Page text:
7 min read

Slowness, Speed and Structure: On Management #31

One of my common refrains:  people management is a “thing.”  When I say this, I mean that management is a discipline.  It’s characterized by basic behaviors, actions, and responsibilities.

There’s a structure to it all.

Now via Substack, and a Process Point

If you’re reading this, sometime in the last 3 years, you opted in to receive my newsletter.  If its arrival is a surprise, I hope it’s a pleasant one.

My newsletter used to hit inboxes via Mailchimp, bearing my personal email address. Gmail and corporate IT powers-that-be may have sorted it to spam or promotions.  I’m now on Substack and a bit nervous about how this will go.

Down the road, I’m also wondering what more Gmail could do to affect newsletter deliverability.  Please do add people@substack.com to the list or filter that deposits this email where it belongs, for you.

A Hierarchy of Needs — At Work

In 2017 I listed some of our basic human needs at work.  An ability to manage our lives outside of work.  An understanding of what’s expected of us, and how we’ll be treated.  Membership in a community, recognition, and professional growth.

PSA:  when you lead people, this tough news cycle is yours to lead people through.  (And that goes for any difficult changes in your own office, or industry.)

Managers influence conditions that affect team members’ lives — at work, and at home.  In this way, you change the world in very real and meaningful ways.

Cartoon artist Jason Li graciously made this illustration.

Audio:  Bethany Crystal, Union Square Ventures

I spent some time last week teaching myself about the rollout of another complex, largely agreed-upon system — the driving rules of the road. I was curious to see if there was anything we could glean from how the transformative innovations of the auto industry impacted how we agreed upon basic signage, rules, and protocols that we still use today.   - Bethany Crystal, A brief history of the adoption of the rules of the road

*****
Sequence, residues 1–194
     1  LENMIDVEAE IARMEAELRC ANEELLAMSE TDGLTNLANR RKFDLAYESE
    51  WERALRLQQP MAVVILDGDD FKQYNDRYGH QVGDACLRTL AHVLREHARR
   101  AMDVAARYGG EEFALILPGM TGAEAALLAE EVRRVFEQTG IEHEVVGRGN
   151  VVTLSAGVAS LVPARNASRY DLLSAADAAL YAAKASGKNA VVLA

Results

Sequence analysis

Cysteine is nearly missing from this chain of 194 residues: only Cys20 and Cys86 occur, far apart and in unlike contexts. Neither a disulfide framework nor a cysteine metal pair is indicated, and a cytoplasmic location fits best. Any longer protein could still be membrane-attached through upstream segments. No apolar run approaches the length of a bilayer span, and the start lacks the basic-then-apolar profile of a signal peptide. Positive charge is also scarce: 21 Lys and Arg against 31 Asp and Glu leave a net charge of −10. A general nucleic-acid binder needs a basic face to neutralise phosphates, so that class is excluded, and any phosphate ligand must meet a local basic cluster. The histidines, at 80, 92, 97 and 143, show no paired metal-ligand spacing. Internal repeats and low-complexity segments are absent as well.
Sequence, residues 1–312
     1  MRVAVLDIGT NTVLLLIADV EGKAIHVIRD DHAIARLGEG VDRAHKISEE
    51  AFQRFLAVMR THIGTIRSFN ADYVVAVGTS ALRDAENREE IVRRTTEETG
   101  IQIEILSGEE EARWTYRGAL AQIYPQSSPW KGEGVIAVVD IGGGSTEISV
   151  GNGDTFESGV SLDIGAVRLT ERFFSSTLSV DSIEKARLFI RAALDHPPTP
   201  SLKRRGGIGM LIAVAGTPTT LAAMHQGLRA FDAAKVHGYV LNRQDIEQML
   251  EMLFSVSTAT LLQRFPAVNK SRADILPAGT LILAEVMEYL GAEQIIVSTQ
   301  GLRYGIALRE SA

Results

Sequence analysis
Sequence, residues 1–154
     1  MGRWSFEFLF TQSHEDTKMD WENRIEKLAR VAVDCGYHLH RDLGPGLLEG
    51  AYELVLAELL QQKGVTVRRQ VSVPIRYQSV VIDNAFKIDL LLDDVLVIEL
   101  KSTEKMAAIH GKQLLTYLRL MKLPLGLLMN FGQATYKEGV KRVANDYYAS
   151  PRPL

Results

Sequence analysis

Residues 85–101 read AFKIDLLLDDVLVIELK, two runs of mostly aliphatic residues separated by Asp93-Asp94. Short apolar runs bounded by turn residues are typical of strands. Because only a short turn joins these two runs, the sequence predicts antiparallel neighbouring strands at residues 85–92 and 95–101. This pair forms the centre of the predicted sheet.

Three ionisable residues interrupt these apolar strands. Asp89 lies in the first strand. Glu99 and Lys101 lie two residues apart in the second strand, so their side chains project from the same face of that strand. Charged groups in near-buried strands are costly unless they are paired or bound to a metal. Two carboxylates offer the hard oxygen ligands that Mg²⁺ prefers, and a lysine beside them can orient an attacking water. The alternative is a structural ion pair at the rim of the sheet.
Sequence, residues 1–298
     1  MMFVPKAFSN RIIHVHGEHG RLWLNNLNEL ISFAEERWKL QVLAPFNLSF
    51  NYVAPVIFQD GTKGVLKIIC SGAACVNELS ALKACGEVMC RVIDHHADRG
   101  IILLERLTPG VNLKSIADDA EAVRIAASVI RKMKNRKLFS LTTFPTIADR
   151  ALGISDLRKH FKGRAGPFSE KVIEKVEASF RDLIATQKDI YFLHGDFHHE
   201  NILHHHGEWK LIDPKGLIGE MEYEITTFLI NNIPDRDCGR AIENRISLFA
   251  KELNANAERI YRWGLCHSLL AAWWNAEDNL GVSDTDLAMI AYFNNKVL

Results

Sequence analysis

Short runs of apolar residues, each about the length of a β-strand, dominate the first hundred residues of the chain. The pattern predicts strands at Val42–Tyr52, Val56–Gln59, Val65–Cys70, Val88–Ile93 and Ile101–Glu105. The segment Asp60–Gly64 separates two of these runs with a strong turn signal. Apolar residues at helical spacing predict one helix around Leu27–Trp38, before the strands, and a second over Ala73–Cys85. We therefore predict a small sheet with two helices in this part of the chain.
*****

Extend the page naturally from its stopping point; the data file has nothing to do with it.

Bethany Crystal’s article sparked me to reflect on the constant process of agreement about the “signage, rules and protocols” of people management.   I was curious about her perspective.

Bethany is GM of the portfolio network at Union Square Ventures, where she works to connect the 8,000 people in USV portfolio companies with knowledge, resources, and one another.

This month’s audio is from our August conversation.  We discussed communication, trust, and how leaders can help people to face change.  Especially when things are always happening fast.  And the evolution of how the startup/tech community views  “management.”

(Click here to listen.)

  • Like all of my audio, this conversation has been edited.  Mostly to remove ums, errs, weird crackling noises, and (my) lengthy expositions, cul-de-sacs, and lead-ins to questions.

A Bit More About Structure

When there’s a pile of clothes on the floor of your closet, it’s hard to see the difference between your gorgeous St. John topper and the sweater you picked up at Uniqlo.

When you put your clothes on hangers, they’re more accessible, useful*.  Your wardrobe makes more sense.

The structures, protocols, and processes for people management can serve the same function.

When designed well, and used well, process adds visibility and support to important elements of your workplace relationships.  Like hangers.

This is also true, and relevant, as we enter performance review season.   If you haven’t started already, take a look at when reviews are due.  Then, reverse-engineer your way to making them as meaningful as possible.

(Best practice hint:  want a foundation for a smoother review season?  Have regular 1:1 meetings.  Use an agenda.  Take notes.)

*I’m a nut for attribution, and I’m pretty sure that this metaphor isn’t completely mine.  I’ve been binge-listening to podcasts, and hope to uncover who else I’ve heard talking about hangers.  I’ll report back.

Winning at New Manager Training:  Mission Possible

So, you’re going to a manager training.  You may/may not be stoked.  How can it be a success?  Spoiler alert:  set some goals, for yourself.

That said, let’s start with your organization’s goals.

Here’s a not-secret about management development programs.

The list of skills you need to learn, and master over time, is not long.   On theme with my chat with Bethany Crystal:  this list is not evolving terribly fast.

This stuff is not brain surgery.